JAZZ ALBUM REVIEWS IN THE AUSTRALIAN
In September, 2017 Eric Myers commenced reviewing jazz albums in the Review supplement of The Weekend Australian. All reviews in this folder are written by Myers.
Kate Ceberano & Paul Grabowsky
Published in the Weekend Australian, May 18, 2019
Tryst brings together two Australian musical icons in a fertile collaboration, effectively combining the proven commercial appeal of singer Kate Ceberano with the keyboard mastery of a celebrated jazz musician Paul Grabowsky. Ceberano is not a complete jazz singer – she does not improvise, nor indulge in wordless vocals - but her considerable strengths are palpable here: a gorgeous voice, authoritative phrasing, and a feel for lyrics that renders them truthful. In Make You Feel My Love, she sings “I could hold you for a million years” so tenderly that one feels she means it. It’s significant that the latter is a big hit from the pop singer Adele. In a repertoire brimming with quality, Ceberano takes on some of the more esoteric songs that have emerged in popular music over recent years, including Wild Is The Wind (previously best-known for versions by Nina Simone and David Bowie); Leon Russell’s A Song For You; Leonard Cohen’s Suzanne; the Divinyls’ I Touch Myself; Bob Dylan’s Forever Young; and others. Great versions of such songs are already in the collective memory, and only a brave vocalist would take them on in such a highly exposed setting, backed only by solo piano. Still, with nowhere to hide, Ceberano brings the project off with considerable aplomb. The multi-talented Grabowsky is a tower of strength, his accompaniments incisive and sparse when required, and orchestral when passion in the music calls for a fuller sound. Blessed with the keyboard touch and melodic sensibility we associate with great jazz pianists such as Bill Evans and Keith Jarrett, he provides introductions, interludes and improvisations, where he moves through the harmonic changes in masterly fashion. For the purist jazz fan, he provides the album’s chief interest. While not wishing to snap at the heels of two such distinguished artists, there is an aberration in the medley For Cilla, Ceberano’s tribute to Cilla Black. In Burt Bacharach’s This Girl’s In Love With You the chosen key is a little too high for Ceberano’s voice, and there are uncomfortable moments as she strains to hit the top notes of the melody. I am surprised that the producers (Mal Stanley and Grabowksy himself) did not rectify this admittedly minor oversight.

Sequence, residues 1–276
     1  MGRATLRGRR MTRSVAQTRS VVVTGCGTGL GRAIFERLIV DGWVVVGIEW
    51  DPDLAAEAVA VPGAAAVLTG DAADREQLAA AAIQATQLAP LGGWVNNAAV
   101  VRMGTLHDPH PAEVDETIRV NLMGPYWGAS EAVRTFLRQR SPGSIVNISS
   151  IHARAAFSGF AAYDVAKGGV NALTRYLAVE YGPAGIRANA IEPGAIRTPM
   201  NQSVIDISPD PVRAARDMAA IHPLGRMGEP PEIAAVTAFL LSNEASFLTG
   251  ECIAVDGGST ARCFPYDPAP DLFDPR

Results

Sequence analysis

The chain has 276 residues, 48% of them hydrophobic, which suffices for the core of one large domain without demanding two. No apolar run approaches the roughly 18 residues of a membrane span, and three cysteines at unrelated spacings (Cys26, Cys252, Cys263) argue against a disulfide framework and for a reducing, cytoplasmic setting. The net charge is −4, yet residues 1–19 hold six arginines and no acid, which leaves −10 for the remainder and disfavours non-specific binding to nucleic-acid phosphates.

Australian Jazz Museum
Published in the Weekend Australian, May 25, 2019
This two-CD album features Australian swing & dance bands of the 1930s. It will delight those interested in the popular music of that decade, which was overwhelmingly jazz-influenced dance music. Despite the Great Depression, music venues proliferated in all capital cities, particularly in Melbourne and Sydney where most of these tracks were recorded. They feature several important figures in Australian jazz history. On five tracks Des Tooley shows why she was the first significant jazz singer Australia produced, even if she was not successful commercially, and ultimately died of chronic alcoholism. Barbara James, the most innovative jazz singer to use new microphone technology, sings a raunchy 1937 version of Duke Ellington’s It Don’t Mean a Thing. The trumpeter/trombonist Frank Coughlan, now generally considered the father of Australian jazz, shows on several tracks what a splendid musician he was. As usual with AJM re-mastering, the sound is surprisingly good.
Live In New York
Kurt Elling & James Morrison
Published in the Weekend Australian, June 1, 2019
American singer Kurt Elling doesn’t listen to his own albums, so he may not be aware of how voluble he is in this impressive performance at New York’s Birdland jazz club. His whimsical patter, laced with irony, however, is instructive. Live in New York is an affectionate celebration of “those who have come before, who have made what we do possible”, to quote his exact words. The repertoire includes Goin’ to Chicago (for Jon Hendricks), the hilarious evergreen Benny’s From Heaven (for Eddie Jefferson), a sensational version of Save Your Love for Me (for Nancy Wilson) and, in many ways the highlight of the album, a double-barrelled tribute to Billy Eckstine with I was Telling Her About You and A Cottage for Sale. Note that all these celebrated figures are African American. In 1998 Adrian Jackson had the perspicacity to book an unknown Elling for the Wangaratta Jazz Festival. Even then it was obvious that the singer was headed for great things. Good-looking and more hip than his predecessor, Mark Murphy, he already had the essential armoury of an outstanding jazz singer: the ability to swing, an elegant voice, a convincing scat singing style, stage presence, and he could sing a ballad. The pairing here with Australian trumpeter James Morrison works well because, in his playing, Morrison also essentially looks back — as far as Louis Armstrong, I detect, in his liking for a melodic vibrato and for shaking his long notes, as well as for the technical excitement of Dizzy Gillespie. Morrison and Elling are kindred spirits in their respect for the jazz tradition, which explains the empathy between them, and also their appeal to the wider audience. The excellent backing group includes the ubiquitous Perth saxophonist Troy Roberts, and the Americans Stu Mindeman (piano), Clark Sommers (bass) and Ulysses Owens Jr (drums). Live in New York has the immediacy of live performance, and Morrison’s well-known predilection to go for a little extra, to squeeze out some higher notes at the top of his range, is a boon for Elling. When he comes in after Morrison’s solos, Elling goes into overdrive, palpably inspired by the spirit in Morrison’s playing. Here are two nonchalant jazz stars, brimming with confidence and very much in top form.